The signs Weeks is concerned about at the Community Center have not disappeared. They had been removed by the city’s code enforcement, because the city considers Weeks’s realignment of some parking spaces there, ostensibly to reserve spaces for voters, improper, and not in her purview, particularly with regard to spaces for disabled drivers. Palm Coast City Manager Jim Landon had told Weeks as much in a detailed email the morning of Aug. 15, last Friday, so she knew without a doubt who had removed signs and with what authority.
“Other than activities directly associated with voting, you have no authority at the Community Center,” Landon wrote Weeks. “In the parking lot, your only authority is to enforce the boundary where, by law, campaigning is not allowed.” Weeks had improperly–and illegally–created some spaces for disabled drivers as part of her reserving a slew of parking spaces for voters at the Community Center, in contravention of city rules. “Could you imagine your reaction if someone attached another sign to your campaign boundary regulatory sign?” Landon pointedly asked her.
And referring to Luanne Santangelo, the city’s parks and recreation director, Landon himself left little room for interpretation: “I have directed Ms. Santangelo and City Code Enforcement Officers to remove any signs or other items attached or placed on these regulatory signs or within the entire handicap parking spaces. I request that you respect this law and stop placing signs or other items of any kind in our regulatory required parking spaces. If you do not grant this request, City staff will continue to remove such items.”
Landon went further, explaining specifically what was happening with signs, why, and with what alternative should a parking issue arise: “She has delivered your removed signs to the poll workers, only to have them returned to the parking lot. So as an alternative, Ms. Santangelo started to leave these excessive voter-only signs face-down in our parking lot and will continue to do so when we have other customers to accommodate. She has left more than enough voter-only signs to accommodate the amount of voters’ vehicles at the Center at any given time. This has worked well and she will continue to manage our parking lot in this manner. If at any time it is reported to you that voters cannot find a convenient parking space at the Community Center please let Ms. Santangelo know and she will attempt to help make sure voters can quickly find a space.”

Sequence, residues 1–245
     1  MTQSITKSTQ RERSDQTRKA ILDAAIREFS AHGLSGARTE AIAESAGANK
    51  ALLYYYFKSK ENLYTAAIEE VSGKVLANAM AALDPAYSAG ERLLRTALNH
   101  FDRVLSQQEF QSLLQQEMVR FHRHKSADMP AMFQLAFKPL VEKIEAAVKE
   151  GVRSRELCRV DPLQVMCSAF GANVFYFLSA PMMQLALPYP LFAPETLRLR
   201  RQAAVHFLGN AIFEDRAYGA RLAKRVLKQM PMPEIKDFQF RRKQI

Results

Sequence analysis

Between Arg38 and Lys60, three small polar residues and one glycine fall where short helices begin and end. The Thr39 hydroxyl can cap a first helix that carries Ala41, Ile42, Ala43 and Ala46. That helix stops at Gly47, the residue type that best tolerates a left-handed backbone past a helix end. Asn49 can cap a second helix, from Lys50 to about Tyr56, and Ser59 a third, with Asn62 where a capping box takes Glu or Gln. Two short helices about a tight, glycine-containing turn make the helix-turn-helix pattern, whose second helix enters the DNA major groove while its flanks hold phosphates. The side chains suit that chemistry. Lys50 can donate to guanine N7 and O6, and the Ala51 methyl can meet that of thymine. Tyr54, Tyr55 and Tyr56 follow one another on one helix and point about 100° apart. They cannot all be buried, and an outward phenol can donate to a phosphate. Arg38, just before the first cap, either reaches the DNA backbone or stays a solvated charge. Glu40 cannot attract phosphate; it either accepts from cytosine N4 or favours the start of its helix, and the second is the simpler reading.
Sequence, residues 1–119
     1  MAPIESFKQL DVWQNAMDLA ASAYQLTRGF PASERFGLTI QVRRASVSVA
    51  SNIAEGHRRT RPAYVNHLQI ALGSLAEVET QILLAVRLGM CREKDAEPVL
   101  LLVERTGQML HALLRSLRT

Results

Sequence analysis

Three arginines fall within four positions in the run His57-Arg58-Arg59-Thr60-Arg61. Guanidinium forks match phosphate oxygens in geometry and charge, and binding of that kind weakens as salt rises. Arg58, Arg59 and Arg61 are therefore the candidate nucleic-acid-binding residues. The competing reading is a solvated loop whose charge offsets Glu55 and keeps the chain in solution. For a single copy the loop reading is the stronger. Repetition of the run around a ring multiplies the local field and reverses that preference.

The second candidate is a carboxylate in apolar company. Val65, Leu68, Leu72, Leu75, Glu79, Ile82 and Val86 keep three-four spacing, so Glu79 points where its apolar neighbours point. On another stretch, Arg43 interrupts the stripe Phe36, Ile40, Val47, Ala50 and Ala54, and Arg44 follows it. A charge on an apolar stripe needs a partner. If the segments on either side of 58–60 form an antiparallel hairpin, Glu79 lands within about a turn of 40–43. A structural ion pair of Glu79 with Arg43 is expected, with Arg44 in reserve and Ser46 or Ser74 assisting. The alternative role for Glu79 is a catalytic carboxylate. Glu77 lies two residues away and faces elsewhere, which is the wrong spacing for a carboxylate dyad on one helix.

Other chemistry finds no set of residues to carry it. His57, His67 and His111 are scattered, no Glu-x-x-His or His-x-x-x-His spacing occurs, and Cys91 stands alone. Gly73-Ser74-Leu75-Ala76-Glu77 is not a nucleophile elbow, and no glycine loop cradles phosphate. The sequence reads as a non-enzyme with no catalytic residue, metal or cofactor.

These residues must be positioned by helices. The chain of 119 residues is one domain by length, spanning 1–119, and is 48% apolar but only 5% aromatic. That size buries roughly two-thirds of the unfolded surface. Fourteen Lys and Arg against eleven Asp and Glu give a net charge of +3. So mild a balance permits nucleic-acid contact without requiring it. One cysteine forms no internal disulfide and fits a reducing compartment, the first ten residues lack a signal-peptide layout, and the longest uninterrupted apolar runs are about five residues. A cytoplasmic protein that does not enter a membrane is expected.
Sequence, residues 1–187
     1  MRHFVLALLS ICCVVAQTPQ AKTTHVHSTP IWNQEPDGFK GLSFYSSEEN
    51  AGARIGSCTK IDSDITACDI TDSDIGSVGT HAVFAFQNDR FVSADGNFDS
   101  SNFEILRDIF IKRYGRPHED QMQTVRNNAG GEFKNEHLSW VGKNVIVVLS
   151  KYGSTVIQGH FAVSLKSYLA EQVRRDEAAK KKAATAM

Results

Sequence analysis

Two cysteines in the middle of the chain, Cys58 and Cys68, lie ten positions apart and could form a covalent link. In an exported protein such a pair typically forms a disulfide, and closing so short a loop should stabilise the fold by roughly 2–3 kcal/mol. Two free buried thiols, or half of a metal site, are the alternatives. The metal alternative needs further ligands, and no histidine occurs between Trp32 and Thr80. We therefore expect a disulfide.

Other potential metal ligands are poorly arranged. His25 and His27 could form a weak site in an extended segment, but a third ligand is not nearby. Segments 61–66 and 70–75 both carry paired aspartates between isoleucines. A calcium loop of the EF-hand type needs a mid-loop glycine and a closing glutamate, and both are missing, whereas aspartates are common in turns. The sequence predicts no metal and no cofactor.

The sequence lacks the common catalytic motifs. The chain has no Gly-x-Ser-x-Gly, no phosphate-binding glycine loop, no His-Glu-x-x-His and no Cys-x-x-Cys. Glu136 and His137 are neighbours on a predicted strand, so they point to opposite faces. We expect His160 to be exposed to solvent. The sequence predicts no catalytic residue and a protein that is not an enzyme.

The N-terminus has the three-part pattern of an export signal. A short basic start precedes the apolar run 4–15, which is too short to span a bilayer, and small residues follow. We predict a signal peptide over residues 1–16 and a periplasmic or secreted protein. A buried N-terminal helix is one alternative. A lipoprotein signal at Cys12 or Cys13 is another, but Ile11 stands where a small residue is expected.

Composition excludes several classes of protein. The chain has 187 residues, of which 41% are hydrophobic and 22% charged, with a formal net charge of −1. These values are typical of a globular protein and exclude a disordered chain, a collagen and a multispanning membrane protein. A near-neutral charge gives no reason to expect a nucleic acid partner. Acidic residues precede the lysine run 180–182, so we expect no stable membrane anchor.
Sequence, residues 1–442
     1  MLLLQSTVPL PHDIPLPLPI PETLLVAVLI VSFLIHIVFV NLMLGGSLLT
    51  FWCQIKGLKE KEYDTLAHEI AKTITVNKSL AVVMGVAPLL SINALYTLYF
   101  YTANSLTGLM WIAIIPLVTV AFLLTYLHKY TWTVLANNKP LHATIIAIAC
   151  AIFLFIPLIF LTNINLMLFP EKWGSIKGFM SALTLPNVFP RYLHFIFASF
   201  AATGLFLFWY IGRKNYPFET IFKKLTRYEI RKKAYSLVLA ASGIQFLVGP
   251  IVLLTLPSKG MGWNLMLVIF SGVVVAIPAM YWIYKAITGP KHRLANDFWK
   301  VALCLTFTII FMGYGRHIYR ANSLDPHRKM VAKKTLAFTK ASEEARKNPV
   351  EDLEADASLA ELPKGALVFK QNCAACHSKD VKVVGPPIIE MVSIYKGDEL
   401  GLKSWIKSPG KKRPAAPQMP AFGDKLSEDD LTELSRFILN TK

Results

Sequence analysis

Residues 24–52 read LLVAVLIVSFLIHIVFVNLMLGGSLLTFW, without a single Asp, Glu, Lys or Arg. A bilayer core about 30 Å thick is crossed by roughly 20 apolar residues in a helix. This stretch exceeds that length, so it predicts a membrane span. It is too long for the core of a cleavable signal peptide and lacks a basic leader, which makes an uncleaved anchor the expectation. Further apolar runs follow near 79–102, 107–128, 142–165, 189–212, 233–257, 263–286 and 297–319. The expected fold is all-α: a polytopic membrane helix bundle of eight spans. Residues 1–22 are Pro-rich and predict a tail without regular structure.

All this on Friday morning. So Weeks knew clearly what was happening to some of her signs, why, and how she could get relief. Nothing remotely criminal or inappropriate was taking place, other than what had triggered the minor hic-up in the first place: Weeks’s own tampering with handicapped signs, and her overly extensive and, given the minute turn-out and the absolute absence of any parking issue, extension of voter-only parking spaces.
Three days later, Weeks takes on Sheriff Manfre, appeals to the State Attorney’s Office for action, and claims “larceny” was taking place at the Community Center. In her answer to Landon Friday afternoon, she claimed the city was not upholding the terms of the agreement she and the city had signed earlier this year. That agreement was the result of three months of frustrating and contrived wrangles over who may use the Community Center and to what extent. (Weeks still contends that the building is hers to use as she wishes at election time. The city disagrees.)
Weeks was not going to win the parking-space spat. She focused on what minor property was seized from her office.
“I contacted the State Attorney’s office and said I’ve been without my property for several days,” she said in an interview immediately following the canvassing board meeting Wednesday. “I’ve asked for the property back, they took the property and it deprived us from being able to use the property. If it had been anybody else for any other thing I believe it would be considered larceny, so I want a report written.”